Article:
HS2 won’t help the government meet its climate change goals
There is certainly a case for environmentally sustainable transportation. In 2018, transport was responsible for 33% of all carbon dioxide emissions in the UK. These are figures the UK government is keen to cut in order to meet its Paris Climate Agreement obligations and 2050 Net Zero pledge.
Will HS2 really help achieve the government’s environmental ambitions? In short, it is unlikely.
HS2 Ltd claims it could transport a person 500 miles on HS2 for the same amount of carbon it would take someone to travel 70 miles by car. However, even according its own forecasts, HS2 is likely to result in the emission of 1.49 million tonnes of carbon dioxide, due to the way in which it is constructed. Worse, the proposal to run trains at 360 km per hour will require 50% more energy than the existing Eurostar trains. Such specifications deliver insignificant economic benefits and also require carbon-intensive slab-tracks.
This does not even take into account the damage and disturbance HS2 will inflict on wildlife sites and woodlands. It is expected that 108 ancient woodlands will be negatively affected, as well as an additional 693 local wildlife sites.
Criticisms of HS2 have already been voiced strongly. The estimated cost of creating the network has already soared to £108 billion. There are fears that the (more difficult to quantify) environmental costs will also skyrocket.
Only recently HS2 Ltd admitted that in its 120-year lifespan, HS2 will probably never be carbon neutral. The environmental argument for the project is that it will transfer passengers from more carbon intensive modes of transport. Such presumptions are misguided. Indeed, electric vehicles – increasingly powered by low-carbon generation – are anticipated to dominate the motor industry by the time HS2 is completed, accounting for 60% of new vehicles by 2030.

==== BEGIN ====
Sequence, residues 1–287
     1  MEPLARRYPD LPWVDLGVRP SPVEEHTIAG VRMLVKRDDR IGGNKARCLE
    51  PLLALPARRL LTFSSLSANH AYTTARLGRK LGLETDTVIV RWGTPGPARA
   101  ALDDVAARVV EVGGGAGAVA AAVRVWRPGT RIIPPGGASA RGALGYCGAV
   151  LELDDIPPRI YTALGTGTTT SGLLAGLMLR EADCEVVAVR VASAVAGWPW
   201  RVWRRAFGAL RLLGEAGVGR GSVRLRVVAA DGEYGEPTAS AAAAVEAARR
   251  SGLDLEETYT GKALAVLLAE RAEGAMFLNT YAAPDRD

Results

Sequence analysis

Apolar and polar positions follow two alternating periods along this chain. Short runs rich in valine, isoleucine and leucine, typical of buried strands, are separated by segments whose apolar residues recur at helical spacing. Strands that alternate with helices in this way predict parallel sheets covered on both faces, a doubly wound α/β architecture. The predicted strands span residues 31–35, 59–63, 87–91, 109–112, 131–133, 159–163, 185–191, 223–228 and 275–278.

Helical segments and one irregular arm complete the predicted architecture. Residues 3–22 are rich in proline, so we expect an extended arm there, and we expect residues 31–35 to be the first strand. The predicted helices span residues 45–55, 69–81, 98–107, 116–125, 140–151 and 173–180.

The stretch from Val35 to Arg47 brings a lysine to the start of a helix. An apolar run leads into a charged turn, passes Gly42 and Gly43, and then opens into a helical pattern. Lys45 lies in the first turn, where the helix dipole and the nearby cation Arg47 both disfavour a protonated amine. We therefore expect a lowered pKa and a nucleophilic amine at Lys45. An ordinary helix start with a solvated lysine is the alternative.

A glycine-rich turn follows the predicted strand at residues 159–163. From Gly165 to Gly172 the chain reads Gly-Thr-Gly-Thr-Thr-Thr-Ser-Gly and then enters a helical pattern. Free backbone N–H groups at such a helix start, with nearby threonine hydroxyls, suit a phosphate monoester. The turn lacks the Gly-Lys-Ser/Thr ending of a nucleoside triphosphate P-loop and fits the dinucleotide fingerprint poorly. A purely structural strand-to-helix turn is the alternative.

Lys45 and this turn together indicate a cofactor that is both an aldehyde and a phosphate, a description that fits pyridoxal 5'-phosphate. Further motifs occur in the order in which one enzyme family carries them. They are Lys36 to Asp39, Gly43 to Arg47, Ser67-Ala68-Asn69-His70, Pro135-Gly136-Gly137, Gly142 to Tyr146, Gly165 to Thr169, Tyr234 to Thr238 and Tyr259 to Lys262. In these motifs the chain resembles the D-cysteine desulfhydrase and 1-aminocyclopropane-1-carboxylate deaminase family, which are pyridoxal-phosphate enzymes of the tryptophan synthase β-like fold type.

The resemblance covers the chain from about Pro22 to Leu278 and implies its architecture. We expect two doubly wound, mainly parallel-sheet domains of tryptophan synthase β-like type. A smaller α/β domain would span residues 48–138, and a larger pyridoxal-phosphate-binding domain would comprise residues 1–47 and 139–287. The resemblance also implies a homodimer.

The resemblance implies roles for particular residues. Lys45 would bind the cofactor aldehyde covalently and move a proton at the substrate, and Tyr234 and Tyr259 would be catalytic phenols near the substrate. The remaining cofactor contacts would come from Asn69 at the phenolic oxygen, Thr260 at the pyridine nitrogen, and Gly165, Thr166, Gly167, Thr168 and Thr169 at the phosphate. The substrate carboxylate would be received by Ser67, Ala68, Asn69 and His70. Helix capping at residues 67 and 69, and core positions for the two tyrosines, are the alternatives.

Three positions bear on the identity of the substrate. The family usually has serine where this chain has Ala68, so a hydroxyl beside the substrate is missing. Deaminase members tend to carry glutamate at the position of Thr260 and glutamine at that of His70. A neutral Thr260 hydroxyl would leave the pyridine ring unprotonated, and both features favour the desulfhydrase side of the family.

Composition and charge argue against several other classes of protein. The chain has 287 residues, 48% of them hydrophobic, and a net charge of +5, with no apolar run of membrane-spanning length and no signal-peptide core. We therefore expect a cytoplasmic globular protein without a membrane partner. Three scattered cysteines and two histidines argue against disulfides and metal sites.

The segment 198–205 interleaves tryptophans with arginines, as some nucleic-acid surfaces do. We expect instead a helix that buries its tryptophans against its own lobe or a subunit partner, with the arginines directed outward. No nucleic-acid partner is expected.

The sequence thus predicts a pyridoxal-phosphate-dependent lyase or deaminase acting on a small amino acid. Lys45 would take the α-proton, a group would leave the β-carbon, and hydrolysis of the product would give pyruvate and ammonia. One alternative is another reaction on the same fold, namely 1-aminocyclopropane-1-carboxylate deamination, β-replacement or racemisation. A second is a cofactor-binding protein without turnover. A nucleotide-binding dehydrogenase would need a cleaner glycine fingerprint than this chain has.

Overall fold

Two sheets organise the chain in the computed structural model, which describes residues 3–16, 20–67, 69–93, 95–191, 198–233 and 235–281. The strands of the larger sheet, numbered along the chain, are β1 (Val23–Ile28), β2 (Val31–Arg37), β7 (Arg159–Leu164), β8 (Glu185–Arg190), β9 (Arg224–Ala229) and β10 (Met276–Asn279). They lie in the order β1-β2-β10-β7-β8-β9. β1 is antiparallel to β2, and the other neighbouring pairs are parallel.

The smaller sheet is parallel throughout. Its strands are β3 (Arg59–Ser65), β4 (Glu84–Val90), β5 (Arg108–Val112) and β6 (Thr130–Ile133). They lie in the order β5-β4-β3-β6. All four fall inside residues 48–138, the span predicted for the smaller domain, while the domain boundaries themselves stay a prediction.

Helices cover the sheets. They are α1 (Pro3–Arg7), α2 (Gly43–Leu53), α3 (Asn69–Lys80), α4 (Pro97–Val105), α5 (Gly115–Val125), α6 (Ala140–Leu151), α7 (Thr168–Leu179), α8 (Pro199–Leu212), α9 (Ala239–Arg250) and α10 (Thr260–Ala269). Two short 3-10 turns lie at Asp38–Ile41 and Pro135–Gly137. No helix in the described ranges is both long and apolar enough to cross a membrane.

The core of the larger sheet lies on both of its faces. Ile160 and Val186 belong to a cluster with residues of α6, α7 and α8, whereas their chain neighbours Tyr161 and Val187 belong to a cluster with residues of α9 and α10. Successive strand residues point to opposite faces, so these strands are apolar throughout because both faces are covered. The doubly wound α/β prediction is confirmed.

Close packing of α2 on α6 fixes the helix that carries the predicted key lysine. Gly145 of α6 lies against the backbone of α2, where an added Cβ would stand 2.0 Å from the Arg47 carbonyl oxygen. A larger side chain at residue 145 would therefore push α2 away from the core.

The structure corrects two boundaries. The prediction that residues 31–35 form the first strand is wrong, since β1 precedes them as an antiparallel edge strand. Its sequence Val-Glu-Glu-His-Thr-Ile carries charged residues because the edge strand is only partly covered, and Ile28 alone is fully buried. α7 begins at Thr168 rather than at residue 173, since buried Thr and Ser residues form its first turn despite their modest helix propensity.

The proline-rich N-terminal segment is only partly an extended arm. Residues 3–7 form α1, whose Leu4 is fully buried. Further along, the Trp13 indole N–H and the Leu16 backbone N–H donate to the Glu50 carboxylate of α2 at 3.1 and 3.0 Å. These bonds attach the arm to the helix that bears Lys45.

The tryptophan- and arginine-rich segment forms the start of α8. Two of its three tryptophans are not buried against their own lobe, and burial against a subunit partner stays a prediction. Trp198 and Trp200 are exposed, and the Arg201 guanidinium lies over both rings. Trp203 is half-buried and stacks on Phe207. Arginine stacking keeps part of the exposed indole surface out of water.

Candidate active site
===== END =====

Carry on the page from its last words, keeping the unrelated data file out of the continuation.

The government’s own projections foresee a vast number of passengers transferring to HS2 from existing main lines, transportation which typically emits less carbon than high-speed trains. The Department of Transport has indicated that just 1% of HS2 passengers would be those who would have flown whilst 4% would have driven. The insignificant reduction in carbon from these modes of transport will be far outweighed by the environmental cost of HS2.
A recent report by Lord Berkeley suggests it is highly plausible that HS2 will not be carbon neutral during its lifespan. Moreover, the “parkway’’ stations HS2 plans to use will increase road traffic and congestion in the surrounding areas.
Of course, there are a number of ways that a high-speed line could be constructed in a more environmentally conscious way. Utilising existing rail infrastructure would reduce construction costs and limit the damage to local wildlife sites. Furthermore, reducing the maximum speed in certain areas would decrease carbon emissions, both during construction and from train journeys. However, this in itself is unlikely to be enough to cut emission levels to the point where HS2 is environmentally sustainable.
If the government truly wants to balance its infrastructure plans for the UK with its environmental aspirations, it should instead consider improving existing rail infrastructure and encouraging clean transport and energy innovation.
Smaller transport projects, such as increasing the efficiency and capacity of existing links, would present a feasible alternative to HS2. Crucially, such projects do not emit the vast quantities of carbon expected from building and operating HS2. Electrifying more railways (especially between northern cities) provides one environmentally conscious option.
Balancing environmental concerns and infrastructure demands is a precarious task. If the government seriously wishes to achieve both these ambitions, scrapping HS2 and examining alternatives is a strong way to start.